That’s super great advice. I was very lucky to have a great female mentor when I first moved to Florida because I was not the person I am today. She really pushed me out of my comfort zone a lot. She kept telling me I should do things and I didn’t want to do those things. But now here I am; I am speaking a little bit, plus so much more. I am much further than I was five years ago because I had a great mentor and because I did the stuff myself; I pushed myself.

Having mentors is so important! Especially women. We need to lift each other up, encourage each other, and be each other’s cheerleaders. A lot of women in the corporate field feel other women are their competition, and that’s so sad because none of us are going to get to where we need to be, want to be, or where we could be by competing with one another. We really need to collaborate and help each other out. 

 What inspired your interest in this topic and what are your specific experiences that have developed your expertise in this arena?

I think [my inspiration came from] having the privilege of working with a lot of women through the years. I see so many of them with so many gifts to offer, so much brilliance to share, so much talent to give, and yet a lot of them are playing smaller than they know they can. They don’t see what others see or they’re afraid to put themselves out there. There is so much potential that is going unseen or that is not being fulfilled and I think that’s sad.

On a more personal note, I can absolutely relate. Luckily we have our whole lives to be a work in progress, but it’s something I work on on a regular basis; feeling I’m enough to do what I want to do, to go after my dreams. Growing up, my mother was always my biggest fan, my number one cheerleader. And when she passed away, my world ended for a long period of time. That’s what motivated all of this travel and living abroad; I was escaping for a long period of time. I wasn’t brave enough to face the world without that one person who really got me. And it took me a long time to figure out what I wanted to do with my life after that. Ultimately, whether it’s helping women feel empowered enough to ask for a raise or promotion, share their ideas, or even go skydiving or climb Kilimanjaro; I now get to be the cheerleader for other women the way that my mom was for me.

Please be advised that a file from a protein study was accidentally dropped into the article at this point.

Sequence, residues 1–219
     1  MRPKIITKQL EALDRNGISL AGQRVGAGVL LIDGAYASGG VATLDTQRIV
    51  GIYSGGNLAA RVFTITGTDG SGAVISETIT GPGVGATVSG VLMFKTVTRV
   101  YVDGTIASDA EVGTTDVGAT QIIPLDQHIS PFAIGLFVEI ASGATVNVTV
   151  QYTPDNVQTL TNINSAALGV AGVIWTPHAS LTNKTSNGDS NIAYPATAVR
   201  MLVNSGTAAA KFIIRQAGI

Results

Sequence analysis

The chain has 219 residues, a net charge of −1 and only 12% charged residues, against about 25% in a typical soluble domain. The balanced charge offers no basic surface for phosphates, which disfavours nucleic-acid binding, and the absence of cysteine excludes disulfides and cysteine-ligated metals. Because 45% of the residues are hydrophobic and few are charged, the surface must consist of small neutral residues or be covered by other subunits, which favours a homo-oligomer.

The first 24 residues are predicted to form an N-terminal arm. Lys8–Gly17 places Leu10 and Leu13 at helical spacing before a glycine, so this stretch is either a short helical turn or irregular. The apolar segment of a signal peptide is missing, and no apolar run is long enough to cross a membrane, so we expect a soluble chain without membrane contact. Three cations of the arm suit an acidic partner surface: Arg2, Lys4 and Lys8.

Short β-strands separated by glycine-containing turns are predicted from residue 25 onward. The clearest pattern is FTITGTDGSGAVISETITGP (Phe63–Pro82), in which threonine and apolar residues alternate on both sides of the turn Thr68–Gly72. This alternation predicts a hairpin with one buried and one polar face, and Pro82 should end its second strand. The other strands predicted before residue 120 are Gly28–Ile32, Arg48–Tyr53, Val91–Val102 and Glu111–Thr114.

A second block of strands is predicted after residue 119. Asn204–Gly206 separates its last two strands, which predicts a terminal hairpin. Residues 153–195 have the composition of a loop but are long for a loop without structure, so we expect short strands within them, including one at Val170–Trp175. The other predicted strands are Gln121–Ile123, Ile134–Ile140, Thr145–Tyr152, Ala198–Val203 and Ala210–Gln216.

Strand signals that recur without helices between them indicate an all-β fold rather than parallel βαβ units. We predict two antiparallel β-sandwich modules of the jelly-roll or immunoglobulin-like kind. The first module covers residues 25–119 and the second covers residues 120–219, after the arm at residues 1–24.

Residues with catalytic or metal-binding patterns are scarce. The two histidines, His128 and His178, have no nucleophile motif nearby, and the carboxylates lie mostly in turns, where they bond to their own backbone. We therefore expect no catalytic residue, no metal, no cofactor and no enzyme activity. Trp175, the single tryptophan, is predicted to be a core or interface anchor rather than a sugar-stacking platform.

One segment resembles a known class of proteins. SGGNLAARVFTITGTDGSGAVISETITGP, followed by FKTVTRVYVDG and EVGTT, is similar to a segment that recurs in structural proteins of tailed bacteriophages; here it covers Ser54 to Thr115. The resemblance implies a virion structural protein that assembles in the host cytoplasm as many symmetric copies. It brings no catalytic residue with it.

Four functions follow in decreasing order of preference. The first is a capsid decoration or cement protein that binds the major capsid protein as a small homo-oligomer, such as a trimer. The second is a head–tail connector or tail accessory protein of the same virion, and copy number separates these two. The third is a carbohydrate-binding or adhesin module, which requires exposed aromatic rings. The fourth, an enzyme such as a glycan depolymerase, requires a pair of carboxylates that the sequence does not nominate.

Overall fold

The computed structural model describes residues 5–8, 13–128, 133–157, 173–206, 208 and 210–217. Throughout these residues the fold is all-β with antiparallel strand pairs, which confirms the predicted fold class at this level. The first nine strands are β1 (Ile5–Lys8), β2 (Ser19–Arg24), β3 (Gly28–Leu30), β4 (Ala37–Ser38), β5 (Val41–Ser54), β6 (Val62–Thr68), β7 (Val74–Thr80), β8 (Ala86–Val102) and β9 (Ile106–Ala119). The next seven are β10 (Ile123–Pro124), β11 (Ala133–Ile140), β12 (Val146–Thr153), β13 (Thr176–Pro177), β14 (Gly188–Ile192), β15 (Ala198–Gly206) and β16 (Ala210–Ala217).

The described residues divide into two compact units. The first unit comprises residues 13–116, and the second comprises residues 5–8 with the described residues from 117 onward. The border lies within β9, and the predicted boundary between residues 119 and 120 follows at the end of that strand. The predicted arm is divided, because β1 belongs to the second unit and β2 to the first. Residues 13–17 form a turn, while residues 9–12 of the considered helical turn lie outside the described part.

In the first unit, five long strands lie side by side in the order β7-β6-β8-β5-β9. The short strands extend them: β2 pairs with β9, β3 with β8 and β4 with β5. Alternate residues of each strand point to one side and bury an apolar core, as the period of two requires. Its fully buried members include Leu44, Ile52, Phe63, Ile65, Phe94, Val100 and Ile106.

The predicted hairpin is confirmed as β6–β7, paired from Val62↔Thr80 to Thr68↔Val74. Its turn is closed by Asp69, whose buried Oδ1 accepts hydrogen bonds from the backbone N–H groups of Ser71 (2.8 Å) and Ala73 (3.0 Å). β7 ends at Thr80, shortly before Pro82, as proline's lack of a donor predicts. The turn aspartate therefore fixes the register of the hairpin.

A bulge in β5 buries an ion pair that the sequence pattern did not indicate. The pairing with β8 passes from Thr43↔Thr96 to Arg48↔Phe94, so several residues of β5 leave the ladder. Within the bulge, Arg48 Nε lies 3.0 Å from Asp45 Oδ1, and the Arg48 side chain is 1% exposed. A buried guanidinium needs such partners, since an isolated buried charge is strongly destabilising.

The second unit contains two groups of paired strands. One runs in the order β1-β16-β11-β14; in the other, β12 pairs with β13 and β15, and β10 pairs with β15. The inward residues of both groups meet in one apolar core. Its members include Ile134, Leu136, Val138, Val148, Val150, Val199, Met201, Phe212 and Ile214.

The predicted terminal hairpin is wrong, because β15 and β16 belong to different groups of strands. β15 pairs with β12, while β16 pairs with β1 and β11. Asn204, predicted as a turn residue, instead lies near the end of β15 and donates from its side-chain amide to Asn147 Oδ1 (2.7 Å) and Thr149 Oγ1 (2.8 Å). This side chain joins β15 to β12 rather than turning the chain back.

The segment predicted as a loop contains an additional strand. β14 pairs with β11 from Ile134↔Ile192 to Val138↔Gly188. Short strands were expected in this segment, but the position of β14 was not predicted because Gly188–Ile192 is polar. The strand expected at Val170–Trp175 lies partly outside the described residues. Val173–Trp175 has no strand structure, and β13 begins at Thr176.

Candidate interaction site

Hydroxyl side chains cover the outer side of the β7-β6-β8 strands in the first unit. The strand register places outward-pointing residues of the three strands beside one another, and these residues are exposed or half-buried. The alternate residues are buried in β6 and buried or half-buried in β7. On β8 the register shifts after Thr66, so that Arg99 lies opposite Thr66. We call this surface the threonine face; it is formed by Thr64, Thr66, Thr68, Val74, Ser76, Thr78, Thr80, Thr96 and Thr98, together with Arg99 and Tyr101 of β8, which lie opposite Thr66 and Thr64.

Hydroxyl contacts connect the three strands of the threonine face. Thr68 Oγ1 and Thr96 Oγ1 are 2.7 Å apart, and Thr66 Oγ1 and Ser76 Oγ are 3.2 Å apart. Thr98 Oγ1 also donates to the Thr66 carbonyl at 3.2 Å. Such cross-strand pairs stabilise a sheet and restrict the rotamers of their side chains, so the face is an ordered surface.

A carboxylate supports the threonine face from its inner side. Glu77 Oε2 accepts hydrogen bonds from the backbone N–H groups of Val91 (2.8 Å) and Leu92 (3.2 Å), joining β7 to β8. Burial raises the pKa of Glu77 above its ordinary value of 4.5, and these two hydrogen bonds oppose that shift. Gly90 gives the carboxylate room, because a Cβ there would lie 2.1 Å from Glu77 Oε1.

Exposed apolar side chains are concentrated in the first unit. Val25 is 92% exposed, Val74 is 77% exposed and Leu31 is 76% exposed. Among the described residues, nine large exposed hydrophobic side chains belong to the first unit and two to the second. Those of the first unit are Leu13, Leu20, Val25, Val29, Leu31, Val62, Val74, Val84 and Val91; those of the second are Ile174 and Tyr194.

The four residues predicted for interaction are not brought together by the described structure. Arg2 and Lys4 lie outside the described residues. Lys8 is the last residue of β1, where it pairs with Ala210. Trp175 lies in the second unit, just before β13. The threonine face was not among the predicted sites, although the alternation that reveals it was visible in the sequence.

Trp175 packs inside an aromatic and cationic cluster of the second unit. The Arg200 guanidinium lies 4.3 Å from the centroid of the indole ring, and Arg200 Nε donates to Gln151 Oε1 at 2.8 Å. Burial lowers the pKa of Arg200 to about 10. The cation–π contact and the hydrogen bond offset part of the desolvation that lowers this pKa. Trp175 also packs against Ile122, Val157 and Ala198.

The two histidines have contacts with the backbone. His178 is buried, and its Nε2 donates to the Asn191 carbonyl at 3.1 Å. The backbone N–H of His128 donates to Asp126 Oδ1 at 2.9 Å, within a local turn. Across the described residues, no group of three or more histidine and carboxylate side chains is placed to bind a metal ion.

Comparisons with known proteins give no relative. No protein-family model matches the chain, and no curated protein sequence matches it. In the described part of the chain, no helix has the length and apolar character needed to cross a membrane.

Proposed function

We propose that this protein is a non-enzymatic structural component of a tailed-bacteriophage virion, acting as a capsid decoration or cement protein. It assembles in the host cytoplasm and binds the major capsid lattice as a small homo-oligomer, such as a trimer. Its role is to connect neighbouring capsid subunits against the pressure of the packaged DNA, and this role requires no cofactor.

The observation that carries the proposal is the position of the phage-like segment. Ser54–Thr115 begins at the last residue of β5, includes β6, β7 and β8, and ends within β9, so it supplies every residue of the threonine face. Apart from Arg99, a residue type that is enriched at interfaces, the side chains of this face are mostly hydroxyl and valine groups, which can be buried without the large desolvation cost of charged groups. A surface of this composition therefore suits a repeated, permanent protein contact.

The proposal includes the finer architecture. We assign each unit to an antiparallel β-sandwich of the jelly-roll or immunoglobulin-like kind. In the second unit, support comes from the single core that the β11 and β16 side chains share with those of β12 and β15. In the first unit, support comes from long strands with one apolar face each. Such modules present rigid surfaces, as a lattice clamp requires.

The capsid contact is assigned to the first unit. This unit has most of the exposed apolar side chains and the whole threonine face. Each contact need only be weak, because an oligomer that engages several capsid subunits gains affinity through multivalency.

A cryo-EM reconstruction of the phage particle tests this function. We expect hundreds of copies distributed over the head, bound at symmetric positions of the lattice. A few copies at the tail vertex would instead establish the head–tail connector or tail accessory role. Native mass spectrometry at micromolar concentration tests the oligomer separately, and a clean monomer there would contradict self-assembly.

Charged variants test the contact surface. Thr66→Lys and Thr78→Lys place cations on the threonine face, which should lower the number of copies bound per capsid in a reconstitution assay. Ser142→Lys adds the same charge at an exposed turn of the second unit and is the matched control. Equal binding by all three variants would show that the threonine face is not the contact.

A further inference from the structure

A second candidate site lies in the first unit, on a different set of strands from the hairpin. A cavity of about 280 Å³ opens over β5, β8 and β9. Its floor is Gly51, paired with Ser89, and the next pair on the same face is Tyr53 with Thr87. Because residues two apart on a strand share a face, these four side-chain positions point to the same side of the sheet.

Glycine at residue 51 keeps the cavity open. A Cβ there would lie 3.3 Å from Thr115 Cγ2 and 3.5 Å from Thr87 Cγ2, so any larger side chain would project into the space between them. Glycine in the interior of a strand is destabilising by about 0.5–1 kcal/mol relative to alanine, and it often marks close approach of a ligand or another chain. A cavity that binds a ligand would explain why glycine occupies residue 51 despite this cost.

That’s so awesome, I love it! My mom is my biggest cheerleader too, so I get that. I post things on Facebook like pictures and stuff I do and people are always asking why do you post so much of your life. I tell them it’s because my mom (and dad) are 900 miles away and they like to see what I’m doing. It’s one of the ways we stay in touch by being so far away.

Family and parents are important; having parents as cheerleaders is a blessing.

In your opinion, why is it essential for female leaders to demonstrate effective communication in the workplace?

I truly believe the quality of your communication determines the quality of your life. If women really want to stand out, get noticed, and be recognized as the leaders they are, they really need to hone in on their communication skills. It’s the one way they will stand out. It’s the one way people will be able to see what they have to offer and to hear their ideas. It’s time for women recognize they have a voice. And communication is not only about your words, but also in how you show up; what you bring to the table and the confidence and charisma you exude. I think those are all really important skills for women because unfortunately we have to work harder than men to be able to get noticed, stand out, and prove ourselves and our abilities. It’s a shame, but it’s the truth. Communication skills are one of the key ways to be able to do that. It’s why I’m very passionate about empowering women and giving them the tools they need; communication is one of those tangible ways they can put their best selves forward.

I’m really excited for your session. I can’t wait to get this blog typed up so others can see how passionate you are about this and will want to attend your session and connect with you. What is the best way for readers to best connect with you on social media?

Please find Carol on these various online platforms:

LinkedIn  ● FacebookInstagramWebsite

Carol Schulte will present “Communicate Your Way to the Top!: Communication Strategies for Female Leaders Who Want to Stand Out” at the 2019 SHRM Annual Conference & Expo on Monday, June 24 from 4:15 p.m. – 5:15 p.m. Please make sure to join me in checking it out!


The SHRM Blog does not accept solicitation for guest posts.